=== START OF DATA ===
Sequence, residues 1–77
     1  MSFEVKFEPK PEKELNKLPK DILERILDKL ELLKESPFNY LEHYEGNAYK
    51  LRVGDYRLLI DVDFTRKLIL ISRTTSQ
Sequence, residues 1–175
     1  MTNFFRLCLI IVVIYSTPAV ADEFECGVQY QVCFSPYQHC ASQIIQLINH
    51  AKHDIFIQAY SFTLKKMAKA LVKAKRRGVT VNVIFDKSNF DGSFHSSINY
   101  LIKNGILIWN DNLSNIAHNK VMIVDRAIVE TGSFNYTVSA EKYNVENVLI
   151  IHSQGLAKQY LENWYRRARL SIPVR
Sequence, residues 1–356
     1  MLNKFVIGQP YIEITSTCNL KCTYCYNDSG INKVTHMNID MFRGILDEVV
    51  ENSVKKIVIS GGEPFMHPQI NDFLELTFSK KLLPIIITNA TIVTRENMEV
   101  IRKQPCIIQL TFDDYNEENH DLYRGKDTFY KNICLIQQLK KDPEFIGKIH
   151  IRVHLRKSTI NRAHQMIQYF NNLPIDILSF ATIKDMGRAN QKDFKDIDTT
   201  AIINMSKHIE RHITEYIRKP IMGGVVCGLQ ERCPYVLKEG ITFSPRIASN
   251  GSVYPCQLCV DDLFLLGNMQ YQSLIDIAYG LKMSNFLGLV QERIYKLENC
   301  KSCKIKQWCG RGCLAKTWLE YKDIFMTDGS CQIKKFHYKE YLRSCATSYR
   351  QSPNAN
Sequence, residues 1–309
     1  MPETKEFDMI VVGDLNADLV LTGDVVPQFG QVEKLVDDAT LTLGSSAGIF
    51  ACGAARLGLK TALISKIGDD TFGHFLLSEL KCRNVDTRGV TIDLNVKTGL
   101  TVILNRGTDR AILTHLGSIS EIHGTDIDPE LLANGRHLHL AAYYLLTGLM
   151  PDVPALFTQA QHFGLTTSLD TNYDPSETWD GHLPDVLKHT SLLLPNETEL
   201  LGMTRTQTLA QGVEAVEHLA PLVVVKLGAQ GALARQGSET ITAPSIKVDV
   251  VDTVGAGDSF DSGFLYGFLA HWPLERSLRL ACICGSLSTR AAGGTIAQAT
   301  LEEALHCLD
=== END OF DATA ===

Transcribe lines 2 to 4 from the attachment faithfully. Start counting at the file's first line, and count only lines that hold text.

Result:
     1  MSFEVKFEPK PEKELNKLPK DILERILDKL ELLKESPFNY LEHYEGNAYK
    51  LRVGDYRLLI DVDFTRKLIL ISRTTSQ
Sequence, residues 1–175